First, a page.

"Dick was very much about a conservative approach to just about everything," New Hampshire Senate President Chuck Morse told The New York Times. He added that Hinch was "nice in how he talked to people."
"If he disagreed with you, he'd get his point across without being stern," Morse said. "He was always happy."
It's not clear how Hinch contracted COVID-19. Three weeks before his death, he attended an indoor caucus meeting where several other attendees were infected. Hinch referred to Republican lawmakers who refused to wear masks on the House floor as the "patriot section" or "freedom group," the Times reported.
"It's so ironic, looking back," former New Hampshire House Speaker Steve Shurtleff told the Times. "I know he was just doing his job as a Republican leader, defending his members and his caucus, but it seems so senseless now."
Veronica Gutierrez died at age 29 in New Mexico. Her family wasn't allowed to say goodbye in person.
On November 16, paramedics brought Gutierrez from her mother's home to a hospital in Lovington, New Mexico. A day later, Gutierrez was flown to Memorial Medical Center in Las Cruces, more than 200 miles away.
Several of her personal belongings — including her clothes, glasses, and a purple phone case —were lost in the transition, the family told the Las Cruces Sun-News.
By December 9, Gutierrez's condition had declined past the point of any hope. Her family saw her for the last time the next day via FaceTime, but she was unresponsive. Gutierrez passed away 40 minutes after the call.
"All I could say was that I was sorry. She was there alone and we couldn't be with her," Gutierrez's sister, Victoria Corral, told Las Cruces Sun-News. "She was so young."
The family of Ohio native Warner Timmons was not able to visit him before he died, either. "This hurts. It hurts in ways I never imagined," his son, Jay, wrote.
Warner Timmons served in the US Air Force. Jay is president and CEO of the National Association of Manufacturers.
"As my entire family has been, Dad had been extraordinarily careful in following CDC guidelines, even as others in public places were not," Jay wrote in a statement on the association's website. "Just a couple of weeks ago, my father was perfectly healthy."
He added: "The fact is that my dad — like thousands and thousands of other Americans —would no doubt be alive if someone else had just been a little more cautious and even done something as simple and effortless as wearing a face covering."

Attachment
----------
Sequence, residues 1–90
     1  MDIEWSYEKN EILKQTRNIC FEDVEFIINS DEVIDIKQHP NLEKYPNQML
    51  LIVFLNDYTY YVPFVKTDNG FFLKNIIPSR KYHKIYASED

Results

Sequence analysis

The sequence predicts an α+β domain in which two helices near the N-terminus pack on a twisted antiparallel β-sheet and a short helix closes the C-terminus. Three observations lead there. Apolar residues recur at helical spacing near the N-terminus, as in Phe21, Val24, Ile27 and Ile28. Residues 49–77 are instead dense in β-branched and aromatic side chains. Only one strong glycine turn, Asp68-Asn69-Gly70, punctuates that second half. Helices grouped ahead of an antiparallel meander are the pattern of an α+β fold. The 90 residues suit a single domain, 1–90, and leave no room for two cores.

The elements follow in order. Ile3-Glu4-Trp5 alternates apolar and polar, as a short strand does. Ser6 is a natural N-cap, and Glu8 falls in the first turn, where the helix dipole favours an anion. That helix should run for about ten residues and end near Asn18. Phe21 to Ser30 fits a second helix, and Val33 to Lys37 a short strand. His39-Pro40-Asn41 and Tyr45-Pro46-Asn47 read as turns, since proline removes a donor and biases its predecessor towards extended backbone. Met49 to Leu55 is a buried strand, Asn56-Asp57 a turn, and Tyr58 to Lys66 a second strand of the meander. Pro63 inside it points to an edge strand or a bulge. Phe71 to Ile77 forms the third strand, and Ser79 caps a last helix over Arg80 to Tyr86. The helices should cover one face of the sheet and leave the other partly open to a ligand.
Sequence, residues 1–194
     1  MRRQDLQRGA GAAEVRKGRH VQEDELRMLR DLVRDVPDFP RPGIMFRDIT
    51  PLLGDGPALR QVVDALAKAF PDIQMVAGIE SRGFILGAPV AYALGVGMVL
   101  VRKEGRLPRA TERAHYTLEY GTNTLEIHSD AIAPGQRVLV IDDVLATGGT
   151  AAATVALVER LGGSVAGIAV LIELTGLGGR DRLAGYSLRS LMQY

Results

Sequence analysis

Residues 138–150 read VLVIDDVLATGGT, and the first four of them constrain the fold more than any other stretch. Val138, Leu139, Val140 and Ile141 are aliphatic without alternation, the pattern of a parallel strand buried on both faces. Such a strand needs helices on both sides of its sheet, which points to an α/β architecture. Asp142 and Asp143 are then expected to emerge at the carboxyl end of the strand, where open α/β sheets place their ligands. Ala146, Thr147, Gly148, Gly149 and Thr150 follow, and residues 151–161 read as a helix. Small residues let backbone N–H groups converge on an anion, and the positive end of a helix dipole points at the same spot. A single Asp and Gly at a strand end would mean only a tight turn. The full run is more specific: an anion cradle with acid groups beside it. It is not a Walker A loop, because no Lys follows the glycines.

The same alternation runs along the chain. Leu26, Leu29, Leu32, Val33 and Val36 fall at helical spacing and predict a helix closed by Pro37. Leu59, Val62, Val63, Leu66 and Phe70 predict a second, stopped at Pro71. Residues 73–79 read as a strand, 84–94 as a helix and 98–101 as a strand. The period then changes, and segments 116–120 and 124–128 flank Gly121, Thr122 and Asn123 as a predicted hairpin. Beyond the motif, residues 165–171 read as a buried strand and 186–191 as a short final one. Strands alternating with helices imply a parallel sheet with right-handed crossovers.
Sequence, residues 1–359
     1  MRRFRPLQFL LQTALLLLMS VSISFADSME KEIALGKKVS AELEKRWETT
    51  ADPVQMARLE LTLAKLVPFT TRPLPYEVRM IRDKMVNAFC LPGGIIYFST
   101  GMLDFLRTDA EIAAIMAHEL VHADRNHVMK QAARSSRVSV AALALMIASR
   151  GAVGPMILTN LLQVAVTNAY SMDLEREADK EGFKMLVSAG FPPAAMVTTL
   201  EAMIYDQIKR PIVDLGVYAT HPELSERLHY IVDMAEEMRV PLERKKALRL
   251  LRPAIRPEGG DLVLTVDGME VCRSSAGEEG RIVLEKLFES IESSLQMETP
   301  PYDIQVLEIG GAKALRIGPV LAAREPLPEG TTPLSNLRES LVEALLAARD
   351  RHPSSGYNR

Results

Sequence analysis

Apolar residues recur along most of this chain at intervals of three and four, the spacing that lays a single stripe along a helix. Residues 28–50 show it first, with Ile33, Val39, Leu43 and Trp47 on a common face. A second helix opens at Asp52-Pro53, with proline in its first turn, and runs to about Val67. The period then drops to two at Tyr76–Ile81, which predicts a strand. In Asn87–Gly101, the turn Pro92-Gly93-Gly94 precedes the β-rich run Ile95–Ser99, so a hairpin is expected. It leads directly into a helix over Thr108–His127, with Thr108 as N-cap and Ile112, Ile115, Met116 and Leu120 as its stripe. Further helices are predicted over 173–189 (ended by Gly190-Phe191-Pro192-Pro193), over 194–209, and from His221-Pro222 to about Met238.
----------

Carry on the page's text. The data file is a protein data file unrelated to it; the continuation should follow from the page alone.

"Steel Magnolias" actress Carol Sutton died at 76.
Sutton was a fixture of the theater scene in her hometown of New Orleans. In addition to appearing in local productions, she mentored young actors and playwrights. Her movie credits include "The Big Easy," "The Pelican Brief," "Ray," and "The Help."
"Carol Sutton was practically the queen of New Orleans theater, having graced the stages across the city for decades," New Orleans Mayor LaToya Cantrell wrote on Twitter.
Sutton volunteered for decades at Total Community Action, an organization that assists low-income New Orleans families.
"She was a person who could take vulnerability and make it seem like a superpower," actress Idella Johnson told The New York Times.
Theodore Mann, an esteemed lawyer and religious-freedom advocate, died at 92.
Mann argued multiple religious-freedom cases before the Supreme Court. In 1963, he won the "Abington School District v. Schempp" case, which ruled that school-sponsored bible readings were unconstitutional in public schools.
Outside the courtroom, he was a staunch advocate for a two-state solution to the Israeli-Palestinian conflict. He was also the founding chairman of the advocacy organization Mazon: A Jewish Response to Hunger, which aims to end hunger in the US and Israel.
"He was at the forefront of social justice in the country generally, and certainly in the Jewish community," Abby Leibman, Mazon's president, told The Washington Post. "You felt that from the moment you were in his presence. There was a force of both passion and compassion that emanated from him in everything he said or expressed."
Mann attended the March on Washington at the Lincoln Memorial for the in 1963. But the heat got the best of him before Martin Luther King Jr. delivered his "I Have a Dream" speech: Mann fainted and had to be carried away on a stretcher.